Spring Service Trip to New York City

Trip coordinator and chaperone Kit Beaudouin ’72 (Hiatt Center Director of Community Engagement) reports:

Upon our arrival on Friday (March 12), we prepared, served and ate a meal with local homeless clients. After an enjoyable time of socializing, we then had a speaker from homeless services in the city. She shared stories and statistics from her years of work. We spent Friday night in the church sanctuary of the Quaker meetinghouse in Union Square.

Saturday brought a rainstorm, but we were excited to go off in our small groups with our new friends from Al-Noor to volunteer all over the city with programs addressing food and housing issues. Groups worked preparing meals in large soup kitchens, serving as many as 400 people, and sorting and distributing food in food pantries. After a closing reflection, we headed to Brooklyn to the Al-Noor School, where we had a wonderful dinner, and an evening of singing, dancing and talking late into the night. (The trip was intentionally all-female out of respect for the gender separation at Al-Noor, where we spent Saturday night.)

Following are excerpts from student reflections:

I will continue to think about the differences between the Muslim girls we met and the way Muslim people are portrayed in the media.

The statistics of homelessness in NYC (40, 000) are shocking. This becomes real when you talk to homeless people like we did.

We helped over 900 people in our two days of service.

There was an intimacy in talking with people who are homeless. Boundaries were broken. They were intelligent, fun and it was just so human.

I was appalled to learn about government cuts to homeless services. As upsetting as it is, I am glad to be informed about the cuts.

Perfect combination of cultural, service and fun.

Was not sure if we would have anything in common with Muslim girls, but we totally did.

I have a different and more realistic perception of what it is like to be a Muslim in the United States.

I had a preconception that the Muslim girls would be reserved, but that was not true.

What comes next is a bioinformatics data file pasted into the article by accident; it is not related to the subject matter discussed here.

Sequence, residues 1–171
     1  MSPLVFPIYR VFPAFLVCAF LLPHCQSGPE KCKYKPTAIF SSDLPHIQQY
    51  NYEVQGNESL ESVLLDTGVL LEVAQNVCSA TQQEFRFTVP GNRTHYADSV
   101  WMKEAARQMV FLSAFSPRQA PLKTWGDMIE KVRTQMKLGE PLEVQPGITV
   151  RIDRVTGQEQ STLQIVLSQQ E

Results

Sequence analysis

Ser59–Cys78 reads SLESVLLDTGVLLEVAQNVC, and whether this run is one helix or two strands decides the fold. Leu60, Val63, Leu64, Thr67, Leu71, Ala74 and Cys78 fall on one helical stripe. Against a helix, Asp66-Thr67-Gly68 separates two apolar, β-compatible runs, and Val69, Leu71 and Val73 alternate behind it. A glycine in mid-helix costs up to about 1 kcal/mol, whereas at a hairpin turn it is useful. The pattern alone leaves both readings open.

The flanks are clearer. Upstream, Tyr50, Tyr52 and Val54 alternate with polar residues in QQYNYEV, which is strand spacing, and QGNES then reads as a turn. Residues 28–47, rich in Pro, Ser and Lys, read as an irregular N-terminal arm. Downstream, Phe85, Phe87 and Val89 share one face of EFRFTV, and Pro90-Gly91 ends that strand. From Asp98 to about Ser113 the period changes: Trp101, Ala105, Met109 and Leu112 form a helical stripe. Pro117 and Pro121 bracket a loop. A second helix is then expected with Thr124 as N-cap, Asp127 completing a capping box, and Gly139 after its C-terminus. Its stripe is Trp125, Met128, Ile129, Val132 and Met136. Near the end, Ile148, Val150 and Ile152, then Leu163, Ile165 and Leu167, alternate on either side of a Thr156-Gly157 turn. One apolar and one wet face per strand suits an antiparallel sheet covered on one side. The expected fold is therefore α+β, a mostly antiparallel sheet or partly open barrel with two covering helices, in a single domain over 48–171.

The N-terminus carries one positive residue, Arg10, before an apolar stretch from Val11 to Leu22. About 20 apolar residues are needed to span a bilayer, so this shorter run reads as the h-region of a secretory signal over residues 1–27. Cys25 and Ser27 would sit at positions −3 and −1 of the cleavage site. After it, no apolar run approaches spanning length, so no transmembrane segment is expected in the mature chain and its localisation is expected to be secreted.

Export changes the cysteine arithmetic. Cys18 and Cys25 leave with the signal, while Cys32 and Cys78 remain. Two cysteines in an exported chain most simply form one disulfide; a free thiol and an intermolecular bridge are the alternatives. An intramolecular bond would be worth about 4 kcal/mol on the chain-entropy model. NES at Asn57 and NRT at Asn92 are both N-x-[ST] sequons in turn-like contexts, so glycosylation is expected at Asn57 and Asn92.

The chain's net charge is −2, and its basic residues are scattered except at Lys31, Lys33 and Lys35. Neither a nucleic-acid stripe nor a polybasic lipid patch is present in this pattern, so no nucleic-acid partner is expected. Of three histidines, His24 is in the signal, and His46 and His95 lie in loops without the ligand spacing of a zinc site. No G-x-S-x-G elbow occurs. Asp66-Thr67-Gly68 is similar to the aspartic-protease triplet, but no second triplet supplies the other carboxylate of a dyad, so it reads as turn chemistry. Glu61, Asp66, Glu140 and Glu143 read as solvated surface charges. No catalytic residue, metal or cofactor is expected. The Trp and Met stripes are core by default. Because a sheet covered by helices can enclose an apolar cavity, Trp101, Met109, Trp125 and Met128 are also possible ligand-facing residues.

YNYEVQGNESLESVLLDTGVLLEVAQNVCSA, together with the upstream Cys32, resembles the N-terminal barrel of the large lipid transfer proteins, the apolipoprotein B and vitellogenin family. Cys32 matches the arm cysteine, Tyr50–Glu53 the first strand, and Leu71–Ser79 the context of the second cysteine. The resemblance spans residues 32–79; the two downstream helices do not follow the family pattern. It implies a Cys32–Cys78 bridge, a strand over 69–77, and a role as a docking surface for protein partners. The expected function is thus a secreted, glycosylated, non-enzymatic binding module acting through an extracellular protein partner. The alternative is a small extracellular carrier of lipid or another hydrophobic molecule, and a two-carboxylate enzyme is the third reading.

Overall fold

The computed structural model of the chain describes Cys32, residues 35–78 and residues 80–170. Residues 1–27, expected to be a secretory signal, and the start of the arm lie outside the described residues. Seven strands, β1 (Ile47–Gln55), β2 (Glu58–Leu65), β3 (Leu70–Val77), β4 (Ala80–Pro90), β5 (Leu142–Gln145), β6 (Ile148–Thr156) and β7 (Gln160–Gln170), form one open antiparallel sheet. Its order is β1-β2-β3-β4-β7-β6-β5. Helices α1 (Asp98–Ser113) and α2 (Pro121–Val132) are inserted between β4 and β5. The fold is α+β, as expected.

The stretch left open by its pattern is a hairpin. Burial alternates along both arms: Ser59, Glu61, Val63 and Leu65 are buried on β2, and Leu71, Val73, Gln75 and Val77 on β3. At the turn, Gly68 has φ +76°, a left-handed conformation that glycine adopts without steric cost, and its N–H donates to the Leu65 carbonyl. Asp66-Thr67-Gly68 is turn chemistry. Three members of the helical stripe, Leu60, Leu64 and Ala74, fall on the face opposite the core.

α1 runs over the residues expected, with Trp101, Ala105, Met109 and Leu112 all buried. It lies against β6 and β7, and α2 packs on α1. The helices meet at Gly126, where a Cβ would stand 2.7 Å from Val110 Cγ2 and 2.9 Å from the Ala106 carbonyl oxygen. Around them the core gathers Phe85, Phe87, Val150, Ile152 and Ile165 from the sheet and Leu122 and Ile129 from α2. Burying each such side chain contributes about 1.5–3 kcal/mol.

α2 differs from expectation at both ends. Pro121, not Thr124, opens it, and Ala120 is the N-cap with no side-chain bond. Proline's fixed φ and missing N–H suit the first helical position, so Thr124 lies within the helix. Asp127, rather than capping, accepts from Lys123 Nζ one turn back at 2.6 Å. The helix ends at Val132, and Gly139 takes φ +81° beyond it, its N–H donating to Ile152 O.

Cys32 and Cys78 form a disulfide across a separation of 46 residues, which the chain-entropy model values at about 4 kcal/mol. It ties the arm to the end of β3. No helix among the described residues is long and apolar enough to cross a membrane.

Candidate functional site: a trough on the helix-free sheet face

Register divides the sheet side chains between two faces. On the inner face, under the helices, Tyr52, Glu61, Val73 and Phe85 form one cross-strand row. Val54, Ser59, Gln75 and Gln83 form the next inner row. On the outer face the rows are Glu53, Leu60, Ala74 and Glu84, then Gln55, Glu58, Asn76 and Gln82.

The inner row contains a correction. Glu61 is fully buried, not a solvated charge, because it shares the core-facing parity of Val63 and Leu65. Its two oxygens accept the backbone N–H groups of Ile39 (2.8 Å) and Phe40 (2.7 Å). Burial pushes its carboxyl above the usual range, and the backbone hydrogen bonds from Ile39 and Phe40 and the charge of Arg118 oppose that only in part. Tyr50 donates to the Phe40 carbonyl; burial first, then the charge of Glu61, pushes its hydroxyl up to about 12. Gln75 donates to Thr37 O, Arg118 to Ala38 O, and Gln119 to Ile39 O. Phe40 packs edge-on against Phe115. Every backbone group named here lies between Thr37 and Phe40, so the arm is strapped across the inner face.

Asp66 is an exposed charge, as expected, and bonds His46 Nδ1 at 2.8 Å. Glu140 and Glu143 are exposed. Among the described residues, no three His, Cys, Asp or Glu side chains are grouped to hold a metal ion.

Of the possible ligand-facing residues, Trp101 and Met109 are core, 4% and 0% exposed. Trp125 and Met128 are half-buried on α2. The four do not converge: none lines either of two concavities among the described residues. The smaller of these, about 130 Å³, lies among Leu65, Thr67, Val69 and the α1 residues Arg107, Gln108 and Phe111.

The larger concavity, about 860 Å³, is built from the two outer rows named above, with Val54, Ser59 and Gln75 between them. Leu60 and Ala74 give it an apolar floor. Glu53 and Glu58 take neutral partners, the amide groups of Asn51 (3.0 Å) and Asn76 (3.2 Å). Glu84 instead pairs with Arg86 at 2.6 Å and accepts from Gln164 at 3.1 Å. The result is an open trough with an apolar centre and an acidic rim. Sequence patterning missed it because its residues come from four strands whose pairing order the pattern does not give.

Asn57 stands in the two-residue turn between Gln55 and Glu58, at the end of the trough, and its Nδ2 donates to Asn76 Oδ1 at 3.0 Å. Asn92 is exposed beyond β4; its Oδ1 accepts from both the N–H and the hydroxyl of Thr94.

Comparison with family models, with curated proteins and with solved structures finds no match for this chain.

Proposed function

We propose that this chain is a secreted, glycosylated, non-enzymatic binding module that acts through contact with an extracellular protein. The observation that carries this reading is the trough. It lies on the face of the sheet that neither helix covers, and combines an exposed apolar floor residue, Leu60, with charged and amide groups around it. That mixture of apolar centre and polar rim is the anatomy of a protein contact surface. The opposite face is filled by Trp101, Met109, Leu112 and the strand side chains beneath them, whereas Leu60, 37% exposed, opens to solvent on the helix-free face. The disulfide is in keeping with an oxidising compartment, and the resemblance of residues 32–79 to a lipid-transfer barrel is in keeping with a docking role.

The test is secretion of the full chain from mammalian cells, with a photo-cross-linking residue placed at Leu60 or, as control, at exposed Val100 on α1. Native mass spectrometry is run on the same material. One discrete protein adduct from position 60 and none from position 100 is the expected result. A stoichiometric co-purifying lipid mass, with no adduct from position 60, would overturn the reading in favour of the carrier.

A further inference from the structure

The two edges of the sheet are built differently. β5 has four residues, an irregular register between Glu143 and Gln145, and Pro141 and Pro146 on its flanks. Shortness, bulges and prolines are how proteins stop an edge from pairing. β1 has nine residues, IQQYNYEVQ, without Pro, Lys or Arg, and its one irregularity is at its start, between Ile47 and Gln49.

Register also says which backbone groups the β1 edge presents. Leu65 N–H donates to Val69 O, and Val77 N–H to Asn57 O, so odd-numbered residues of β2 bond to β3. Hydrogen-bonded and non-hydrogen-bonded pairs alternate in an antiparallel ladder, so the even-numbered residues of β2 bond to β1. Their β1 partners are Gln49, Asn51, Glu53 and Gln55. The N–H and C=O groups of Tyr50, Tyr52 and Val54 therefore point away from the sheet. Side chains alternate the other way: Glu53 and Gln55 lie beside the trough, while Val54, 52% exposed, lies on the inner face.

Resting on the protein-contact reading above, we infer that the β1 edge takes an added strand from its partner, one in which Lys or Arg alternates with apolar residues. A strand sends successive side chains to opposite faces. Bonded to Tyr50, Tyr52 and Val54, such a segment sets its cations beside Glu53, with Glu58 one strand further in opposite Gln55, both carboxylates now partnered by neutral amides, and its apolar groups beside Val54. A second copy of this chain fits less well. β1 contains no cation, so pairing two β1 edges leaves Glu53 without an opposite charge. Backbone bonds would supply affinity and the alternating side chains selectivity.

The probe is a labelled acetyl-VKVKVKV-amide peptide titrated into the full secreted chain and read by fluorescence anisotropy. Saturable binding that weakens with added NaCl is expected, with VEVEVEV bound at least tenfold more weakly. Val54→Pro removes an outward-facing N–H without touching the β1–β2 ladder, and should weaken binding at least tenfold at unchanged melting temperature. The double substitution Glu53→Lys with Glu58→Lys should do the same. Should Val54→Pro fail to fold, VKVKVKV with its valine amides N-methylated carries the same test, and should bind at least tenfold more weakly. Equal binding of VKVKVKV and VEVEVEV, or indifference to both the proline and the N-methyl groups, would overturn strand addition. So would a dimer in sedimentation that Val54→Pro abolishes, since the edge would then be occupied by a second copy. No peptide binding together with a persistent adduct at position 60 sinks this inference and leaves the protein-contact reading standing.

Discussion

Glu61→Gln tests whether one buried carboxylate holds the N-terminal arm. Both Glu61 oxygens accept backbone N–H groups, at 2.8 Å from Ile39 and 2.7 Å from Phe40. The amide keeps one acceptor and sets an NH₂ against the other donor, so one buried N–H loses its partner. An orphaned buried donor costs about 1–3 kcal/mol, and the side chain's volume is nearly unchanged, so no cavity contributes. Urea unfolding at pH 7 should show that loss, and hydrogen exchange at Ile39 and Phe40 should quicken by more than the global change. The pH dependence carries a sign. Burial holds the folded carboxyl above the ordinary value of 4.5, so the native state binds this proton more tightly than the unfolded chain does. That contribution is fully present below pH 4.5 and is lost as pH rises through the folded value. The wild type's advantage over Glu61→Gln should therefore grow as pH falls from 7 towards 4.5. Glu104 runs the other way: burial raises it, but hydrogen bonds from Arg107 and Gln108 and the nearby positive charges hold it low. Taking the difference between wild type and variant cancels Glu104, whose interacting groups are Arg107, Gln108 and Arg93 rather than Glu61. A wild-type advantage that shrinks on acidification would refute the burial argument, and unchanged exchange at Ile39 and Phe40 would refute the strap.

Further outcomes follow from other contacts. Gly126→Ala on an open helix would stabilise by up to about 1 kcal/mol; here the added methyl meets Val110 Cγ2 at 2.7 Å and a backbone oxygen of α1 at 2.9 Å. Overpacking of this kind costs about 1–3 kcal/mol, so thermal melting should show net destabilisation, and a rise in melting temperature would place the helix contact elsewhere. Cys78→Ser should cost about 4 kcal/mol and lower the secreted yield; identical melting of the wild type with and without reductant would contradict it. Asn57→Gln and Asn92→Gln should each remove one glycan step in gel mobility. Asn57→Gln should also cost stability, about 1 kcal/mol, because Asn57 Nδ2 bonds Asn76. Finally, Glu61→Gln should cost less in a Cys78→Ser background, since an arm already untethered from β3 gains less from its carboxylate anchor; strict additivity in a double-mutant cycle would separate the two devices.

I loved the huge girly slumber party.

The sleepover at Al-Noor was the highlight for me. We were able to share our cultures and teach each other things that you don’t learn in school.

I learned so much; like how to belly dance, and about Muslim culture — the clothes, the food, and the girls’ viewpoint on conflicts occurring right now in the Middle East.

This trip allowed me to further my journey towards open-mindedness, and will impact my choices in terms of my preconceived perceptions of others.

I will think about the staggering number of homeless people on the street, and about how great it is that there are so many amazing programs and organizations helping out little by little. I also will think about how protective some of the parents of the Al-Noor girls are; many of the girls were not allowed to sleepover at the school, although it was only girls. It really surprised me. It truly shows the difference in culture and the way people are raised.

I will definitely not be one of those people who pass a homeless person on the street and “pretends” that they are not there or ignores them. In the future, when I run into a homeless person on the street I will smile, and if I have some spare change I will give it to them, but if not then I will at least say hi and that I am sorry but I have no spare change. The most important thing is to be friendly and acknowledge someone, and not make them feel like they are nothing. I never tried to ignore them but I never smiled either and in the future I would like to smile and be more kind to these people who are unfortunately living on the street.

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